The Republican National Committee is stepping in against David McCormick’s campaign lawsuit trying to force an undated absentee vote count in the Pennsylvania Senate primary, as his opponent, famed heart surgeon Dr. Mehmet Oz, led by a small part of a percentage.
An RNC official confirmed the reports of interference at Fox News Digital Monday night, insisting that the move did not indicate Oz’s support or opposition to McCormick, but rather an attempt to preserve the integrity of the election.
“The GNC is interfering in this lawsuit along with the Pennsylvania Republican Party because election laws must be followed, and changing the rules when votes are actually counted is detrimental to the integrity of our elections,” Matt Reimer, a senior advisor to the RNC, said in a statement.
Reimer added, “None of the leading Republican candidates in the Pennsylvania Senate will represent Keystone better than the Democrat, but Pennsylvania law is clear that undated absentee votes may not count.” “This is another example of the RNC’s unwavering commitment to ensuring that the highest standards of transparency and security are adhered to throughout the electoral process.”
The Pennsylvania Republican Party also condemned the move. “While the Pennsylvania Republican Party looks to support the Pennsylvania Republican nominee in the Senate, whoever he is, we fully object to the undated mail vote count,” the party said in a statement. “Pennsylvania law and our courts have been very clear about not counting undated ballots.”
McCormick’s campaign filed the lawsuit in Pennsylvania court hours later Monday, with the goal of ensuring counties comply with a federal appeals court ruling requiring the state’s Commonwealth Court to require counties to sort mail ballots that lack a handwritten date on return. Envelopes.
In the lawsuit, the McCormick campaign alleged that at least two counties — Blair and Allegheny — suggested that votes not be counted as part of the unofficial result that each county must file to the state on Tuesday.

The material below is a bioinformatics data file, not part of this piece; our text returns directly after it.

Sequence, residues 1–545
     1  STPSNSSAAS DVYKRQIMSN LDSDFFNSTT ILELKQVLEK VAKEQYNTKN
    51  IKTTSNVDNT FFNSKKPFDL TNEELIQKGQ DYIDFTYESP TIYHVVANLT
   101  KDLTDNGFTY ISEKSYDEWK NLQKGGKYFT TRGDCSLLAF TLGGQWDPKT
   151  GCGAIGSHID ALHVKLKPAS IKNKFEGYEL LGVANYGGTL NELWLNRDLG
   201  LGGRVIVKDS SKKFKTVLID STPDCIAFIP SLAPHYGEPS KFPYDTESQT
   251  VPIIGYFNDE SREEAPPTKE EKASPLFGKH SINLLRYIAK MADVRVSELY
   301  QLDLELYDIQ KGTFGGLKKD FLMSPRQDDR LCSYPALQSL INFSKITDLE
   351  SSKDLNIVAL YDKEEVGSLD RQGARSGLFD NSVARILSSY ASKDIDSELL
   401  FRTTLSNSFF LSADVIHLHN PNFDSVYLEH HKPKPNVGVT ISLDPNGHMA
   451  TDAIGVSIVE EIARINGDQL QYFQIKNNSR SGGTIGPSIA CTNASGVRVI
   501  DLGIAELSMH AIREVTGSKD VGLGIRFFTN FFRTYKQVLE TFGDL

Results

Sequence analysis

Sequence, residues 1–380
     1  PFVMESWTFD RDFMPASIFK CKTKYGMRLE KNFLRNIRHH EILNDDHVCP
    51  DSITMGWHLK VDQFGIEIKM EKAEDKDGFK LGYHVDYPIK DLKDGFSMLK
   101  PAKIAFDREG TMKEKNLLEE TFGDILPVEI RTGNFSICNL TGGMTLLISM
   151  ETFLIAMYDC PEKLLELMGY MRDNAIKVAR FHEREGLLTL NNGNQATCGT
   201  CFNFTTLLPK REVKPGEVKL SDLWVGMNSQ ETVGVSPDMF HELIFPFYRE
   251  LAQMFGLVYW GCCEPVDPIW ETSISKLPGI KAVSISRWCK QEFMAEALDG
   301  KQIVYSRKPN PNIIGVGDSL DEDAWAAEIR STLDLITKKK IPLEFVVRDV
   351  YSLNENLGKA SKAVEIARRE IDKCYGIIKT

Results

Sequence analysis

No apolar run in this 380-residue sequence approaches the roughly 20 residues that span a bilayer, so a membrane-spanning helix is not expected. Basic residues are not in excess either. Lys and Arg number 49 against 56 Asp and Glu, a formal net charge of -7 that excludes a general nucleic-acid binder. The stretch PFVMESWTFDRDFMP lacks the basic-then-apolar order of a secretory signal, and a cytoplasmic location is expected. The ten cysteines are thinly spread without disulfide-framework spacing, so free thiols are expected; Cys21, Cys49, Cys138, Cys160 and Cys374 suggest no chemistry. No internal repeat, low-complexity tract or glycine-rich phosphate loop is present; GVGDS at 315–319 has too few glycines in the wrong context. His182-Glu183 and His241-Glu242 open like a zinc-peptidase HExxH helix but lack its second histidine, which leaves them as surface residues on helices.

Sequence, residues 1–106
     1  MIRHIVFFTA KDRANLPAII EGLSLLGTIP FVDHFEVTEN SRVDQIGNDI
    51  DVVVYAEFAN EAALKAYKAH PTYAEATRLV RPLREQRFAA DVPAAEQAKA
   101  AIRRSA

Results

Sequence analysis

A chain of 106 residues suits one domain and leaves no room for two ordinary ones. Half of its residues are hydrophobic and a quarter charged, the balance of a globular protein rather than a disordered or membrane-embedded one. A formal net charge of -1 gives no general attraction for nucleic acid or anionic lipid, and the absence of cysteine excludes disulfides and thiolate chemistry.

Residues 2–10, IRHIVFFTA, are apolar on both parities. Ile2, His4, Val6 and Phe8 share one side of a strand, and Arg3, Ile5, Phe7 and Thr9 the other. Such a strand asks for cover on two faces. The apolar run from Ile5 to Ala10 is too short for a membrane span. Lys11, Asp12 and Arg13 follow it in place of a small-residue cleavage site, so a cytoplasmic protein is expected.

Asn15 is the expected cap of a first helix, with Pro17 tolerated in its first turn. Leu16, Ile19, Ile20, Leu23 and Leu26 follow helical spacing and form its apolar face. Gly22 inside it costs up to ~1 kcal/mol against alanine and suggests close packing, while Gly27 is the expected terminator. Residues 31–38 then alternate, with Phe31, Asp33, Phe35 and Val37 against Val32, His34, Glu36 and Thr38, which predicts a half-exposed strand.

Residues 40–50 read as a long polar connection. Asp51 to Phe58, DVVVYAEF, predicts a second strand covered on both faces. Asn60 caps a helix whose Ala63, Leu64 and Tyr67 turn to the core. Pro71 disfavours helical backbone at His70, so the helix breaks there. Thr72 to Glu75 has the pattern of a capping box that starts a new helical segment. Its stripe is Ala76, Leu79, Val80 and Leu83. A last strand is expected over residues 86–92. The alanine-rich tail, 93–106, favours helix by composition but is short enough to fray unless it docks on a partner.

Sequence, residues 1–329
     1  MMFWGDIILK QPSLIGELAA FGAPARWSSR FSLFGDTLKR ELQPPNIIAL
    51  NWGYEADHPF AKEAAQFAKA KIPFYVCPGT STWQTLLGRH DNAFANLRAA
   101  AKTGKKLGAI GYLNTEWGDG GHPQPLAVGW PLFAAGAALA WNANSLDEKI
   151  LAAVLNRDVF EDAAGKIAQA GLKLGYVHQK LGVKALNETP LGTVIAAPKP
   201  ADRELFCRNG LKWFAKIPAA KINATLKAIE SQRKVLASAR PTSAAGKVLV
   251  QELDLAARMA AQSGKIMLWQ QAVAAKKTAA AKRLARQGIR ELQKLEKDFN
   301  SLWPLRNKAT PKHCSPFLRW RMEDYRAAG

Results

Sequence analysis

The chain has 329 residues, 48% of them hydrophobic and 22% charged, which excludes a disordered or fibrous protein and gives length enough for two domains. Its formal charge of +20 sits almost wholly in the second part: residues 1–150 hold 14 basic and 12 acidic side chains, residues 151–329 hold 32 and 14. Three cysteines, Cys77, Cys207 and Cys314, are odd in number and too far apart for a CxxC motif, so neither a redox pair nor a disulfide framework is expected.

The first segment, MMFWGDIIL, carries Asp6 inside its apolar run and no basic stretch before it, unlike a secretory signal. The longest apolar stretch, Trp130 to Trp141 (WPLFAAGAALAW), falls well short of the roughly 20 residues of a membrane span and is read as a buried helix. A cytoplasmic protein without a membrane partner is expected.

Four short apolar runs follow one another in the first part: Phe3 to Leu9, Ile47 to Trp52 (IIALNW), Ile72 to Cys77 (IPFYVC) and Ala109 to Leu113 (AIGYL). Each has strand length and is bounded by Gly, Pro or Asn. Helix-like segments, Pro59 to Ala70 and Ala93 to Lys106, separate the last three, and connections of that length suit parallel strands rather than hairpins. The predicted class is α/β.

As of 6 p.m. Monday, Oz, who was endorsed by former President Donald Trump, led McCormick by 992 (0.07%) of 1,341,037 votes. The race is likely close enough to trigger Pennsylvania’s automatic recount law, which applies within the law’s 0.5% margin.
It remains unclear how many mail-order ballots lack a handwritten note. And while McCormick, the former hedge fund CEO and former Treasury official in the George W. Bush administration, is late in the public vote, he has outperformed Oz on mail-in ballots.
McCormick said “every Republican vote should count” in his appearance on a conservative talk show in Philadelphia on Monday.
“The assumption we have to have, I think, as Republicans is that all Republican votes matter, and that’s something, I think we all stick to as a principle,” McCormick said. “And that is the principle that we uphold here. We held that principle before this court ruling. This ruling of the court has shed light on the matter even more.”
The campaign lawsuit filed regarding Friday’s ruling by the U.S. Court of Appeals for the Third Circuit, which ruled that a state election law requirement to set a date after a voter signs external return envelopes is “immaterial.”
Oz campaign manager Casey Counter denounced McCormick’s legal team in a statement Saturday.
Contras noted that McCormick is “likely to be short” and claimed that “McCormick’s legal team is following the Democrats’ playbook, a tactic that could have serious long-term consequences for elections in the Commonwealth of Pennsylvania.”
“Dr. Mehmet Oz continues to respectfully allow the vote counting process to take place in Pennsylvania and places his trust in the Republican voters who we believe chose him as their candidate,” Contreiss added. “This is why our campaign will oppose McCormick’s legal team’s request that election boards disregard both the Pennsylvania Supreme Court and state election law and accept legally invalid ballots.”
Democratic attorney Mark Elias, who represented Hillary Clinton’s 2016 campaign and pushed a multistate challenge against voter identification laws, appeared to defend McCormick’s case.
“My team was actually working on the same lawsuit for the November elections,” Elias said on Twitter.